A roundup of the week Sept. 4-11

Sept. 18, 1972
Sept. 18, 1972

Table of Contents
Sept. 18, 1972

Forest Hills
Pro Football
Scouting Reports '72
College Football
Horse Racing
19th Hole: The Readers Take Over

A roundup of the week Sept. 4-11

GOLF—GARY PLAYER won $50,000 and the World Series of Golf for the third time, in Akron, shooting a two-over-par 142 to beat Jack Nicklaus and Lee Trevino by two shots and Gay Brewer by three (page 102).

This is an article from the Sept. 18, 1972 issue

DeWitt Weaver lost his three-day lead on the 72nd hole and had to oust Chuck Courtney on the first hole of sudden death to win the $100,000 Southern Open in Columbus, Ga. His regulation total was 276, four over par, his earnings $20,000.

HOCKEY—RUSSIA, after losing the second game of its eight-game series with Team Canada 4-1 in Toronto, rallied for a 4-4 tie in Winnipeg and even drew cheers in Vancouver for its superior play in a 5-3 victory. The Russians led 2-1-1 as the competition moved to the Soviet Union (page 34).

HORSE RACING—SUSAN'S GIRL ($8.60), with Laffit Pincay up, beat favored Summer Guest and Chou Croute in the $112,800 Beldame Stakes for fillies and mares at Belmont Park. The one-length victory, her 13th consecutive finish in the money this year, made Susan's Girl odds-on favorite to take the 3-year-old filly championship.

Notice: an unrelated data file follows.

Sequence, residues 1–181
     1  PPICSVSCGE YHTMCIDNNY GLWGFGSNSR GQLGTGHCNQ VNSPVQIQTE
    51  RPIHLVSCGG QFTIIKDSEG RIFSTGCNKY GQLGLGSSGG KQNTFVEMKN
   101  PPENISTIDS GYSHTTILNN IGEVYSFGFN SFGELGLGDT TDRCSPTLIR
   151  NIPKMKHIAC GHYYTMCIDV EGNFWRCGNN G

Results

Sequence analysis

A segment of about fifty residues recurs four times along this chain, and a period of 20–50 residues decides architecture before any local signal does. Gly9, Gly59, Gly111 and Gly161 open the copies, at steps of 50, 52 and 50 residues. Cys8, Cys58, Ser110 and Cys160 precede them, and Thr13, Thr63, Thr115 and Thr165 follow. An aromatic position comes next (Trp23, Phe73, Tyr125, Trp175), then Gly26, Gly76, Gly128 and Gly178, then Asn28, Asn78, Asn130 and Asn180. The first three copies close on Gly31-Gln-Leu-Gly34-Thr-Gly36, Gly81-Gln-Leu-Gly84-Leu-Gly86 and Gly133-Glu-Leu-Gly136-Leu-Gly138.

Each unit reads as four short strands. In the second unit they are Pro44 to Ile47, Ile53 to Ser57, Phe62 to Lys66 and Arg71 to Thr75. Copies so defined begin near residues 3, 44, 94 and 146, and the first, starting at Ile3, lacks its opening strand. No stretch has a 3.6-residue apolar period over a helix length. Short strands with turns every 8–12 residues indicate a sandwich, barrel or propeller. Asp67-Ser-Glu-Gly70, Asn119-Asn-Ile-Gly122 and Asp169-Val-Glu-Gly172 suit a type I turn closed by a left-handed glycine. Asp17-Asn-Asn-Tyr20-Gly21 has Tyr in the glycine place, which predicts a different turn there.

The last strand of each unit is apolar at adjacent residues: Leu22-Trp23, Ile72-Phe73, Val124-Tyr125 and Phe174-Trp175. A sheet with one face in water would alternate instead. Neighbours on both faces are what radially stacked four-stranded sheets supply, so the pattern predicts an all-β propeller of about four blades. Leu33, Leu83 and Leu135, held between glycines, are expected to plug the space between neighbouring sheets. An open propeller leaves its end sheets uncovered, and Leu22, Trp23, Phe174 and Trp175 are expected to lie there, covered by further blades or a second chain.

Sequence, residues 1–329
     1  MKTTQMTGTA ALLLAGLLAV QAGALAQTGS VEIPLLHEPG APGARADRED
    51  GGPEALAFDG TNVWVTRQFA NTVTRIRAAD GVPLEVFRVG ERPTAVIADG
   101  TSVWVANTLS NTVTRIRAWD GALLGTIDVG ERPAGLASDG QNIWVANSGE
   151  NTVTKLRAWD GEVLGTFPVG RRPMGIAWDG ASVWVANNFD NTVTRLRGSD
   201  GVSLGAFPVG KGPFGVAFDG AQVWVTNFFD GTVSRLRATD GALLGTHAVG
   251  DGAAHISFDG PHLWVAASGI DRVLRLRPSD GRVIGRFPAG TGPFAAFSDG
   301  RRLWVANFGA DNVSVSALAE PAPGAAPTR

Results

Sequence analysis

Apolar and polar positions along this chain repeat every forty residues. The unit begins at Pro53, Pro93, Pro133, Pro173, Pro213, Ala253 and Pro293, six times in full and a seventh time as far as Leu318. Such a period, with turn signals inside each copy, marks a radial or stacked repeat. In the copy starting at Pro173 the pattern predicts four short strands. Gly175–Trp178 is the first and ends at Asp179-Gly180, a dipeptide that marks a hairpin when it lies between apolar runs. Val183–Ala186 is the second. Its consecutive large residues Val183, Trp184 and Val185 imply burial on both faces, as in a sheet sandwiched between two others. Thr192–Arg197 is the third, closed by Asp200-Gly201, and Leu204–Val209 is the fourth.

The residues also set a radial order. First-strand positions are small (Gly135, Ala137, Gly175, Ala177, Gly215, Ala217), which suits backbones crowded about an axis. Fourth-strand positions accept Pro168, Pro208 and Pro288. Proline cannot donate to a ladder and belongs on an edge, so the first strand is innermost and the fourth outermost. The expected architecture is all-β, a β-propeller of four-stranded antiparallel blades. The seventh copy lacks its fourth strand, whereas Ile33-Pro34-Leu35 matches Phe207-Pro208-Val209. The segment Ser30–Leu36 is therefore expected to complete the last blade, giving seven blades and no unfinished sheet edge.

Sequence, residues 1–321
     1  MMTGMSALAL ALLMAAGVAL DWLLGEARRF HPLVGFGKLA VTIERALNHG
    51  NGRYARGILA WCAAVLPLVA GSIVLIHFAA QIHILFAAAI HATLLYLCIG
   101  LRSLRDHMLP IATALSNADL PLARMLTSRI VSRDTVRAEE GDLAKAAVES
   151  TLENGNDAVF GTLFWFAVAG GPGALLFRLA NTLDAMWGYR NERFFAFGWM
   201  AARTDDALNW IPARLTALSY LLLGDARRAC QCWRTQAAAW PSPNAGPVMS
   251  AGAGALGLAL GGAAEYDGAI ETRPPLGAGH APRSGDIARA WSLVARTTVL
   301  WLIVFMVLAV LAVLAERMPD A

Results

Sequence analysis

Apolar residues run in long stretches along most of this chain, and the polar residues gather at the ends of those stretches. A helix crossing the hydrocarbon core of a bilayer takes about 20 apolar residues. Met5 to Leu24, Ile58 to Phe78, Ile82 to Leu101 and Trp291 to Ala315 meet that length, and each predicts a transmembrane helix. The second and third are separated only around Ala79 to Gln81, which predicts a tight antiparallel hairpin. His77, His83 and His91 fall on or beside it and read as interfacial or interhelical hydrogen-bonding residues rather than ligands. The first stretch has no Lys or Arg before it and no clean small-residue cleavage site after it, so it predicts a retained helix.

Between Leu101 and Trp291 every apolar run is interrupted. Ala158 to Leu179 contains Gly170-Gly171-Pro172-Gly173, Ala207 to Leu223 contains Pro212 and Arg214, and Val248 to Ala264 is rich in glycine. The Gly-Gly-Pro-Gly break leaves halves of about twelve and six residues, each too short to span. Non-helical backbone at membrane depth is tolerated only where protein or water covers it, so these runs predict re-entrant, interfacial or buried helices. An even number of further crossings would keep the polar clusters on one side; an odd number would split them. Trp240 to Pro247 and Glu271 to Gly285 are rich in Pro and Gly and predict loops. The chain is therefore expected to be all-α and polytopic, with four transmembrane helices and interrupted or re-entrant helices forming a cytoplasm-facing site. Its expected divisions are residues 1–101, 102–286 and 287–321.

Boucher, owned by Ogden Phipps and ridden by England's Lester Piggott, started as the second favorite and won the $131,482 St. Leger in Doncaster, England by half a length over Our Mirage.

Hard to beat, Junzo Kashiyama's 3-year-old ridden by Piggott, scored a length victory over Epsom Derby winner Roberto, owned by John W. Galbreath, in the $25,000 Prix Neil at Longchamp, France, a prep for the Prix de l'Arc de Triomphe.

Loud ($22.80), winless in 16 previous starts this year, was ridden by Jacinto Vasquez to a head victory over Autobiography in the $118,600 Governor Stakes at Belmont Park.

Possumjet, a chestnut filly owned by Jack Byers of Blanchard, Okla. and ridden by Pete Herrera, won the $1,035,900 All-American Quarter Horse Futurity, the world's richest race, by a head over Miss Ooo Wee at Ruidoso Downs, N. Mex.

Unbeaten WINDY'S DAUGHTER ($3), with Bill Shoemaker up, scored her seventh straight victory, by five lengths over King's Edge in the $78,765 Del Mar (Calif.) Debutante.